Grades/Level: Adult Learners
Subjects: Visual Arts, English–Language Arts, ESL
Time Required: Short Activity
30 minutes
Author: Getty Museum Education Staff

For the Classroom

Curriculum Home
Lesson Plans
Tips for Teaching about Portraits
Tips for Teaching about Landscapes
Tips for Teaching about Narrative Art

Lesson Overview

Students will "read" a visual image very much like they would read words in a story.

Learning Objectives

• Students write about portraits using new portrait vocabulary.
• In groups, students use their written analysis to hypothesize about the story of the sitters in the portrait.


• One of the two portraits below
• Looking at Portraits Vocabulary
• Student Activity Sheet: Personal Letter

Lesson Steps

• Display one of the images and distribute Looking at Portraits Vocabulary.

• Have students highlight the following words:
facial expression

• Explain to students that we can "read" a picture just like we read the words in a story.

• Explain that they will be reading the story of one of the sitters in the image.

• Ask students to work in pairs. Explain that they are each to choose a different person in the same portrait to focus on. They should start by going through the highlighted words, "reading" the image as they think of each word, and then writing one to two sentences on how each word relates to something they see in the sitter. (For example: I think my sitter's facial expression looks sad and frustrated. Her gesture, with her hand on her chin, shows she is worried.)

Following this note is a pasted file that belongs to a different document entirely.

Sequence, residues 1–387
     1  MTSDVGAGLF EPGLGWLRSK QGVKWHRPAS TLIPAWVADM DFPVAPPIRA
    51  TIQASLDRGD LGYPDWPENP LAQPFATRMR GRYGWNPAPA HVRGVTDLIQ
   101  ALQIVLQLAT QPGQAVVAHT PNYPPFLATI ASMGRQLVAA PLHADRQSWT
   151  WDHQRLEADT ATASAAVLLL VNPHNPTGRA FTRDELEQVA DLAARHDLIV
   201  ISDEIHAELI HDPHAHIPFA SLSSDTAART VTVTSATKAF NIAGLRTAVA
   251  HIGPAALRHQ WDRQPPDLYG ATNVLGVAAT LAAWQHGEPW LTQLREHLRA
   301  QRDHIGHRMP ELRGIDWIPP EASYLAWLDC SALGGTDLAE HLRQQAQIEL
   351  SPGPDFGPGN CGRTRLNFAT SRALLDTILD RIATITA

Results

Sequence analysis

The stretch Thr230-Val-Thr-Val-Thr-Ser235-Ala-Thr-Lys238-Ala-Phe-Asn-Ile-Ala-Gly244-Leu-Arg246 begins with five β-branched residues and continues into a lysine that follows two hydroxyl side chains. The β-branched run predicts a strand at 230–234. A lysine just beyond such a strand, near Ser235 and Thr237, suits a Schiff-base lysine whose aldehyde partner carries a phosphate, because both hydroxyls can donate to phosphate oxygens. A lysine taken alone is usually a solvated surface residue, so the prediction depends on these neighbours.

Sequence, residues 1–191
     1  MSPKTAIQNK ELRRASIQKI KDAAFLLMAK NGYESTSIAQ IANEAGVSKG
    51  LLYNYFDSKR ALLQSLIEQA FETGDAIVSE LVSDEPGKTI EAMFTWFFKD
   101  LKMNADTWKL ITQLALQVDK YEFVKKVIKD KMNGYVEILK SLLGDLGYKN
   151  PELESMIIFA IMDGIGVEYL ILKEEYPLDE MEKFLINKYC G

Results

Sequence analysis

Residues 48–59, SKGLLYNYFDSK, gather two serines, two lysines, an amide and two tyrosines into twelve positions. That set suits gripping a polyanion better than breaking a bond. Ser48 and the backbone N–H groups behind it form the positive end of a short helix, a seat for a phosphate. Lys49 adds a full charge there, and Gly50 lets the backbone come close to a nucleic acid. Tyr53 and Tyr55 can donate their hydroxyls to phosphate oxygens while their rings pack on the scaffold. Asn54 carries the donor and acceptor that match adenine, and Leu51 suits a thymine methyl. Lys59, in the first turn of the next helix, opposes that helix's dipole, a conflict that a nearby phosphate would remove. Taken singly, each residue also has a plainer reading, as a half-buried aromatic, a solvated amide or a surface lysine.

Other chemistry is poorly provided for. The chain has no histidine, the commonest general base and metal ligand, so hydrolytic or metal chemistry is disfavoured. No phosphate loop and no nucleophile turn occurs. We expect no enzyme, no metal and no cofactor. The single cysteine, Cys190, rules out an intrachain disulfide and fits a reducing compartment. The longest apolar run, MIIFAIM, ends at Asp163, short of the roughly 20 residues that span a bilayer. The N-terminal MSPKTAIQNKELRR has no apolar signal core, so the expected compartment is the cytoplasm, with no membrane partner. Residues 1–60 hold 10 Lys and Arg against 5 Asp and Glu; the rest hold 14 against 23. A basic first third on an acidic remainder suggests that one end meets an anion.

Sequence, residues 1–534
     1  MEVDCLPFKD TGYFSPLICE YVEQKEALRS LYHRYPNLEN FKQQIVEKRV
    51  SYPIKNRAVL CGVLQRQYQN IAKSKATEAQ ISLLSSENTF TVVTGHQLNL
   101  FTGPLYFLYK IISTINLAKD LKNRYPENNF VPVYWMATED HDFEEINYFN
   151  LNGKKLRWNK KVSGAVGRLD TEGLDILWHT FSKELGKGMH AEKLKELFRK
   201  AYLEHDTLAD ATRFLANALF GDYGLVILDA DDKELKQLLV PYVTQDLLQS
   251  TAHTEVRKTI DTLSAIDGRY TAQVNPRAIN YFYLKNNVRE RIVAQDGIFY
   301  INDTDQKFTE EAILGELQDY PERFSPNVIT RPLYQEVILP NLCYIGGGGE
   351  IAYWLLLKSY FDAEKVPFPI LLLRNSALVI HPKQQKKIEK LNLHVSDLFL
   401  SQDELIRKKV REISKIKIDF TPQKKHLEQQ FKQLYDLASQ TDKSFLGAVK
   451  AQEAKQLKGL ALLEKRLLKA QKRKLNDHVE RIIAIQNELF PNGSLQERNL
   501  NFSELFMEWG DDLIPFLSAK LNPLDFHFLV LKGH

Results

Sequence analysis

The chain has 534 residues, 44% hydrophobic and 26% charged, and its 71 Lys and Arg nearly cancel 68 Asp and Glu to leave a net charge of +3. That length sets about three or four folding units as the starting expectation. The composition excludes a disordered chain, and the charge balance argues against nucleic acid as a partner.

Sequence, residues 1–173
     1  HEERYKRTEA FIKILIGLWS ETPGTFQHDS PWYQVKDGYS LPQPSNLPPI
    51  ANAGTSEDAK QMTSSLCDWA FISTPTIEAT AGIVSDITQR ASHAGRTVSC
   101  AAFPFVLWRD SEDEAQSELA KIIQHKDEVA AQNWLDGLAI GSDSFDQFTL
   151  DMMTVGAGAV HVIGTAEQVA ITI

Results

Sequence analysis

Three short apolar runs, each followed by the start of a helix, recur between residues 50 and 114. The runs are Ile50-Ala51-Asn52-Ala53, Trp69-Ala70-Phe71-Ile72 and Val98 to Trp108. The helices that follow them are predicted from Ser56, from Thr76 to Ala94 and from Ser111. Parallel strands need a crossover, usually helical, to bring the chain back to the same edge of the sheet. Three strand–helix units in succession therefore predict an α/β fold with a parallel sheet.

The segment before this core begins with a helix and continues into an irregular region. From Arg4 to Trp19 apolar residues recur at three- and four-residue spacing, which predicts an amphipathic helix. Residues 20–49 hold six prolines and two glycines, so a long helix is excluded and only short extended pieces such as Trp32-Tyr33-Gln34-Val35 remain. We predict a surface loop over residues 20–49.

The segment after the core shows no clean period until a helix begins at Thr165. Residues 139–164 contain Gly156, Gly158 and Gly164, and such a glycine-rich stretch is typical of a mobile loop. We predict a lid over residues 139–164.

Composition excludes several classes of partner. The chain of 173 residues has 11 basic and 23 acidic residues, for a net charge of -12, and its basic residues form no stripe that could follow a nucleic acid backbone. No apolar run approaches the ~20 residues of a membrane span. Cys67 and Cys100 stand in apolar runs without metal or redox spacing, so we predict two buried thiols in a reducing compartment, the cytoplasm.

• Give students time to write their responses. Then ask them to share with their partners their discoveries about the different sitters and to try to figure out the relationship between the sitters. Finally, ask students to discuss what story is being told in the portrait.

• Ask volunteers to share their findings with the class.

• Have students write a friendly letter to one of the sitters asking about his or her life. (Download Personal Letter activity sheet, above.)

• Ask students to act out a conversation between the different sitters in the portrait.

Bonapart Sisters / David
The Sisters Zénaïde and Charlotte Bonaparte, Jacques-Louis David, 1821